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Nurses are important, influential healthcare providers – are you talking to them? 

If you are interested in reaching the most active, dynamic and diverse community of nurses in the country, consider American Nurse Today, the official journal of the American Nurses Association (ANA) as your premier communications partner. 

Our promotion and educational programs utilize integrated channels including traditional print and cutting-edge electronic delivery options.

Electronic Media Kit

Need to speak with someone?

Contact Sofia Goller, Vice President, Sales and Marketing via email or call 215-489-7002 to talk about all of our cost-effective and creative promotional, educational and sponsorship opportunities!

As the official journal of ANA, American Nurse Today offers something that no other journal can. . .an opportunity to engage with the members of the only broad-based nursing organization representing the 3.6 million nurses in the US – nurses who are actively involved on every level of nursing – from nursing leaders to nurses who provide quality patient care at the bedside every day.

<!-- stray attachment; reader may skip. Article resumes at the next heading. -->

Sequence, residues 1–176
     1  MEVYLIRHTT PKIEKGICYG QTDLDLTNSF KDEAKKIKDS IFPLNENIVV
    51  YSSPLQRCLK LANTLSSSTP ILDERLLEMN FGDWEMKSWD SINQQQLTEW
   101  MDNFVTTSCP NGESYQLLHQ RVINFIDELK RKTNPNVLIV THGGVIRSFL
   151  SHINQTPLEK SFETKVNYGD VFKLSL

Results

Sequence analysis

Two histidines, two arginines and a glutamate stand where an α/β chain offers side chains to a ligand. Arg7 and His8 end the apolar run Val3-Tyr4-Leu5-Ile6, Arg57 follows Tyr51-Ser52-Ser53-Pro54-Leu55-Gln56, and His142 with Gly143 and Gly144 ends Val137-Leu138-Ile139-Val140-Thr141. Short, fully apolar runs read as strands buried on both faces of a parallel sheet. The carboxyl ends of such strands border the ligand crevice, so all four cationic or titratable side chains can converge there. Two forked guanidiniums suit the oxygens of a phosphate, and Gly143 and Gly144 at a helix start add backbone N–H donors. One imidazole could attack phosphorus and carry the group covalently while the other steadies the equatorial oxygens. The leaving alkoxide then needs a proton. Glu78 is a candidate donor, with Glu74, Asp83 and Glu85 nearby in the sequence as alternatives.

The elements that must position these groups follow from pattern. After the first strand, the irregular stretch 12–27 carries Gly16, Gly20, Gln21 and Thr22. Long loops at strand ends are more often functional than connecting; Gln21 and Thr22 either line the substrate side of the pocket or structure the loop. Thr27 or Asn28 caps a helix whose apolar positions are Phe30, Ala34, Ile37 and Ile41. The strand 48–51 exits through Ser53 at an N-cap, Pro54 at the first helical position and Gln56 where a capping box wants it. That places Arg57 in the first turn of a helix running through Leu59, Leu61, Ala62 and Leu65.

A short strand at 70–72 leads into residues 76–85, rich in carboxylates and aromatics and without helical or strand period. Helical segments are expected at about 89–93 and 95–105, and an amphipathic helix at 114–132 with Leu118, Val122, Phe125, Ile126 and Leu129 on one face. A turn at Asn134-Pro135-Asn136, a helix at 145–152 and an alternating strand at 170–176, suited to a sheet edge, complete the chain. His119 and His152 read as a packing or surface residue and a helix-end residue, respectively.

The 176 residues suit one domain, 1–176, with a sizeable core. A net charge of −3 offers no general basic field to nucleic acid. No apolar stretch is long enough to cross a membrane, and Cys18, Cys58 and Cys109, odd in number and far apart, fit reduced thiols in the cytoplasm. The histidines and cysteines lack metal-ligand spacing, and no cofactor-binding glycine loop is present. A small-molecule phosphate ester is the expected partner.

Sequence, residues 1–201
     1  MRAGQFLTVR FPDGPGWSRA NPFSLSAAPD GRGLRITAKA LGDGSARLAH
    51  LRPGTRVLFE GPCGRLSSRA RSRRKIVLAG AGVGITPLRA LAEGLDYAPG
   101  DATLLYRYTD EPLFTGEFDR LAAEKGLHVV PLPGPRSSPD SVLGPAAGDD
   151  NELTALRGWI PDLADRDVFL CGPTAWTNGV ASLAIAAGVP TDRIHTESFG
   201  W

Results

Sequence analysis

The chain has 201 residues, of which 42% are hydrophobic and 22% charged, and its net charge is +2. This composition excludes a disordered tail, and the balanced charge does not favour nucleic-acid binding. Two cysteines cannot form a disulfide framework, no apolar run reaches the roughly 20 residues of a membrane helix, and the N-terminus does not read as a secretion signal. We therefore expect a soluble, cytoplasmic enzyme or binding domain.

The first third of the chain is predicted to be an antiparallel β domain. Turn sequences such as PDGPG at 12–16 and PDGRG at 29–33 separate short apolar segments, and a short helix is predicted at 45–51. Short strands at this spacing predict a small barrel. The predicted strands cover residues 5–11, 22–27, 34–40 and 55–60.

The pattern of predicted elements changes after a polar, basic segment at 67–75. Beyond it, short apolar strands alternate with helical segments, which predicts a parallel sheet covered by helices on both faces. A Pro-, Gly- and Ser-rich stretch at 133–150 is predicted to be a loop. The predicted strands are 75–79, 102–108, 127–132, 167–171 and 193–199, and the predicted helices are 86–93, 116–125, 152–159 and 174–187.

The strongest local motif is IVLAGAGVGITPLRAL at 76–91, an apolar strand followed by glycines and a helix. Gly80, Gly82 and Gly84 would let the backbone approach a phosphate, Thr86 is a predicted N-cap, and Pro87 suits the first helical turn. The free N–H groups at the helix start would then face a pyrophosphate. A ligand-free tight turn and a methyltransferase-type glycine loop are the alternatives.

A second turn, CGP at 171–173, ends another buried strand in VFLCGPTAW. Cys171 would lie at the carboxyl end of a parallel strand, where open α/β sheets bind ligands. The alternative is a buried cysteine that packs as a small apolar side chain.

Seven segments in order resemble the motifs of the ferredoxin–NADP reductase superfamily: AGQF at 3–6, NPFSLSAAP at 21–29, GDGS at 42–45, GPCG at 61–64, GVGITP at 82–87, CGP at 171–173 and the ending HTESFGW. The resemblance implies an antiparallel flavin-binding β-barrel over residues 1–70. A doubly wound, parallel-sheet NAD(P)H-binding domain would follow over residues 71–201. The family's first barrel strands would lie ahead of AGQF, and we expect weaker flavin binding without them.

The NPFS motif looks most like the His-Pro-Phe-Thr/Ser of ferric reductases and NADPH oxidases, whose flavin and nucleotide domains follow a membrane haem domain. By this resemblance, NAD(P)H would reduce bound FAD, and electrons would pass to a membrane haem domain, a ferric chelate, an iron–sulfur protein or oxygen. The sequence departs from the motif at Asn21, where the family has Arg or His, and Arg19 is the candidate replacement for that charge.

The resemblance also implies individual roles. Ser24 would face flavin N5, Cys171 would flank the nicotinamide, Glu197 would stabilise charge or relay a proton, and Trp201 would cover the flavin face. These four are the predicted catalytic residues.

American Nurse Today is published 12 times a year.  The journal continues to serve nurses in furthering the profession through succinct, practical, independent, evidence-based clinical data and information.  American Nurse Today is a comprehensive, timely, trusted information source that nurses rely on to:

  • Optimize patient outcomes
  • Cultivate an educational foundation of best practices
  • Enhance professional careers

Peer-reviewed clinical, practical, practice-oriented, career and health/wellness editorial offers something for everyone.  Our outstanding Editorial Advisory Board includes top nurse thought-leaders across all nursing specialties.  The journal’s in-house editorial staff, RNs with proven track records in nursing publishing, work with Editor-in-Chief, Lillee Gelinas MSN, RN, FAAN, to bring nurses a fresh perspective on key nursing issues every month.

Every issue includes:

Leading the Way – information focused on nursing leadership issues.

ANA on the Frontline – a special section in the journal devoted to news and information directly from nursing’s most influential advocate on both national and state levels.